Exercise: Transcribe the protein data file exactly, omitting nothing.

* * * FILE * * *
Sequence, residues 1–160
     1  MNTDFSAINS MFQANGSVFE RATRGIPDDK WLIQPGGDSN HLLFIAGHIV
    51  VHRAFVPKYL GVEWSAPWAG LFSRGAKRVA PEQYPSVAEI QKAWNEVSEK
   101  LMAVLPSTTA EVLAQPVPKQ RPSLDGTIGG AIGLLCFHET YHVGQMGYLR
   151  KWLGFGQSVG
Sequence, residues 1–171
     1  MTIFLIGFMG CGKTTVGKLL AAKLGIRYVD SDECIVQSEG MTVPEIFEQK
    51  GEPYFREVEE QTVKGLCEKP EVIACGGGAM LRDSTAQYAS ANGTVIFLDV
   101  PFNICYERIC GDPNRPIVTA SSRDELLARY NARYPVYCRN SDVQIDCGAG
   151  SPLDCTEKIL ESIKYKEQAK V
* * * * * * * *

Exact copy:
Sequence, residues 1–160
     1  MNTDFSAINS MFQANGSVFE RATRGIPDDK WLIQPGGDSN HLLFIAGHIV
    51  VHRAFVPKYL GVEWSAPWAG LFSRGAKRVA PEQYPSVAEI QKAWNEVSEK
   101  LMAVLPSTTA EVLAQPVPKQ RPSLDGTIGG AIGLLCFHET YHVGQMGYLR
   151  KWLGFGQSVG
Sequence, residues 1–171
     1  MTIFLIGFMG CGKTTVGKLL AAKLGIRYVD SDECIVQSEG MTVPEIFEQK
    51  GEPYFREVEE QTVKGLCEKP EVIACGGGAM LRDSTAQYAS ANGTVIFLDV
   101  PFNICYERIC GDPNRPIVTA SSRDELLARY NARYPVYCRN SDVQIDCGAG
   151  SPLDCTEKIL ESIKYKEQAK V